Referring to FIG. 3, where elements identical to those in FIG. 1 are shown by the same reference numbers or symbols, a DC/DC converter 11′ has input terminals a+ and a− connected to the input terminals in+ and in− of the step-up circuit 8, that is connected to the battery 10, as in the known system, but the output is connected differently. In particular, the lower power output terminal, indicated by u−, is connected to the input terminal of the step-up circuit 8 with higher power, shown by in+, and the output terminal with higher power, shown by u+, is connected to the output terminal out+of the step-up circuit, and therefore to an input terminal of the audio amplifier 12.
Moreover, the input terminal in− of the stepup circuit 8 connected to the lower voltage terminal of the battery is connected directly to the other output terminal out− of the step-up circuit, which is connected to the other input terminal of the amplifier 12. With this circuit structure, the output of the step-up circuit 8 is the sum of the input, i.e. the power of the battery, Vb, and the output, Vc, of the converter. In this embodiment the converter 11′ is a step-down converter, but the same circuit can be built with a step-up converter if the input needs to be at least double the power of the battery.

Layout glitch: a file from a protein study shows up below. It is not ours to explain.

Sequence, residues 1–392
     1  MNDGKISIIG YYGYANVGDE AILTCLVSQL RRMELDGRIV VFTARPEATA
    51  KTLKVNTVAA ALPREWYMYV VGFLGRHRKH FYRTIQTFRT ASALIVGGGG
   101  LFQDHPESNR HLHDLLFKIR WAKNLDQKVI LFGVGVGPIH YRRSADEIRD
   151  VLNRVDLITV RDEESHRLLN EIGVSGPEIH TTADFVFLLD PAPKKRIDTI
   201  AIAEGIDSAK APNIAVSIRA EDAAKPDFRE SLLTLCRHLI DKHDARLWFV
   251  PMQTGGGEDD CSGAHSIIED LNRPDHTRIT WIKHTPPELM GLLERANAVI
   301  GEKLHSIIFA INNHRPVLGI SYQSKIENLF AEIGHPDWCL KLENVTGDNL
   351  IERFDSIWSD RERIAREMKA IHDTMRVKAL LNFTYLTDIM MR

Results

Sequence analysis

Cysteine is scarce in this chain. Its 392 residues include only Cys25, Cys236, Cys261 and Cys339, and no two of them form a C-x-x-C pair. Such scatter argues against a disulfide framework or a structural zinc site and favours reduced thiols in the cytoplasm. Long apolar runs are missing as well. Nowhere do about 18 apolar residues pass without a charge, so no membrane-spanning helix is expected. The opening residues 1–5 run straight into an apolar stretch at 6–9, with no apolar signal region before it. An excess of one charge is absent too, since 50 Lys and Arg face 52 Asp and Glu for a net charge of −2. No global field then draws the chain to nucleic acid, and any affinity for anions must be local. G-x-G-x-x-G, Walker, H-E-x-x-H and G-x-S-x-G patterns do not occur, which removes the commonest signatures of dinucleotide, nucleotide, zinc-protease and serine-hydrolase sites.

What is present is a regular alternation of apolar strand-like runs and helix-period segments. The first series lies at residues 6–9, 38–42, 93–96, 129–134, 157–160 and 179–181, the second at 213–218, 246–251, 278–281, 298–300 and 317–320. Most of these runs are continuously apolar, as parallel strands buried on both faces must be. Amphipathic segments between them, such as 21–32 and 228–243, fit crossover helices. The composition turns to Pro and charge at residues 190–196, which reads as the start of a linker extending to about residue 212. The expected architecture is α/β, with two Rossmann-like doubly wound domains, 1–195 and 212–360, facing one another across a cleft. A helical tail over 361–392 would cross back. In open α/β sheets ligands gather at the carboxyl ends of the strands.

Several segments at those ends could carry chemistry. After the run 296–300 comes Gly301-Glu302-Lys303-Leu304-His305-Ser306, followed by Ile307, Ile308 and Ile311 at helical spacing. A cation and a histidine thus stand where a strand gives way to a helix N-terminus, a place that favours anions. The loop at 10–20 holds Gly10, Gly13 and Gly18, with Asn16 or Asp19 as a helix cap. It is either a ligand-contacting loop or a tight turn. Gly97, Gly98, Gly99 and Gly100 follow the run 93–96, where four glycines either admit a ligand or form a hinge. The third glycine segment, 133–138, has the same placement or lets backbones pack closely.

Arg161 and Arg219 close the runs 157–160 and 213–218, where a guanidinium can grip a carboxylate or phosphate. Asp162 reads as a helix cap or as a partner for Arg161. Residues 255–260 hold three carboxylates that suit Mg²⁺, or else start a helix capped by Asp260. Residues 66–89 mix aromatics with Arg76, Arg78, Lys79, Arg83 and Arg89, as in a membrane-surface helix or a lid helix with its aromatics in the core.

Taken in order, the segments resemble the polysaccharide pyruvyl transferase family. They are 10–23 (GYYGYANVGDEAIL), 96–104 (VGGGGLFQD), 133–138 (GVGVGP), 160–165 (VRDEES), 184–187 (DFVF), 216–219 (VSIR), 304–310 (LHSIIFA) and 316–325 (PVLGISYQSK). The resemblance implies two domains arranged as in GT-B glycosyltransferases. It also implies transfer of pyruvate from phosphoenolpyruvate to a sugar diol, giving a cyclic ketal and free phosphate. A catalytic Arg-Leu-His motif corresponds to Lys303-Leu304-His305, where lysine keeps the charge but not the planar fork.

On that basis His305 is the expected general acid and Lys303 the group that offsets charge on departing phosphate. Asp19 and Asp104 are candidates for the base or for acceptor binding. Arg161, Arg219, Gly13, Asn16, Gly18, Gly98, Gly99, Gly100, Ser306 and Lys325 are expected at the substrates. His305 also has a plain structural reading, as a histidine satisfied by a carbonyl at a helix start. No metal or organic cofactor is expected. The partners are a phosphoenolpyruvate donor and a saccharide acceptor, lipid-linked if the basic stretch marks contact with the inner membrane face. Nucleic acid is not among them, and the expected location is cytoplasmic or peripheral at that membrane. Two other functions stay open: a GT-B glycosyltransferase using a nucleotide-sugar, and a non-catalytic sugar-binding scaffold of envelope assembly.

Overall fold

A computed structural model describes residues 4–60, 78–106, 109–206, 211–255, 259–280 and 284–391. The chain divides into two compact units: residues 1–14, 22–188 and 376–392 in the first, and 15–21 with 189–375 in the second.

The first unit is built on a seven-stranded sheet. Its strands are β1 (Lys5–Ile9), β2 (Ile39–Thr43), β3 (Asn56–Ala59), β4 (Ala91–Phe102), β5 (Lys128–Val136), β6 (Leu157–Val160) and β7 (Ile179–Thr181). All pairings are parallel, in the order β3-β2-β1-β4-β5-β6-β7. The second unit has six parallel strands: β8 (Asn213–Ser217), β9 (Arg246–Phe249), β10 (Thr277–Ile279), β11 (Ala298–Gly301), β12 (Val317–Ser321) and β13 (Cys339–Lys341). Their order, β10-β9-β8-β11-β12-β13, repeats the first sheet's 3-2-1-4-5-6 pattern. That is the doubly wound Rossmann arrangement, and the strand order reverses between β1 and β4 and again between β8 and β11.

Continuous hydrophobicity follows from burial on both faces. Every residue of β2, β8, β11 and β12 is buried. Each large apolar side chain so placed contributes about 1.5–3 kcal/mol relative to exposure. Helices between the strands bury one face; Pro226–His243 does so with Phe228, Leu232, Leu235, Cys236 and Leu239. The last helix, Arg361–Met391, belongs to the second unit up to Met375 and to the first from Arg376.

According to an advantageous embodiment of the invention, the converter 11′ has an ENB terminal and a connector or means (not shown in FIG. 3) for connecting the input terminal a+ to the output terminal u+ in response to a signal on terminal ENB which deactivates the converter.
Referring to FIG. 4, if the battery output is 14 V and the input to the amplifier is 18 V, in order to attain output of 4×60 W using the same audio amplifier 12 in the system according to the known technique, it is sufficient to use a DC/DC converter 11′ with output of 4 V capable of delivering 70 W power. The power is supplied to the amplifier 12 partly directly by the battery 10 (205 W) and partly by the converter (65 W). The power dissipated by the converter 11′ is not usually above 5 W.
The advantages that derive from the use of the step-up circuit according to the invention should be clear to the skilled artisan. Indeed, equal audio frequency output can be obtained using a less powerful DC/DC converter than the known technique. This leads to lower overall power dissipation and increased performance, smaller size and less expensive components.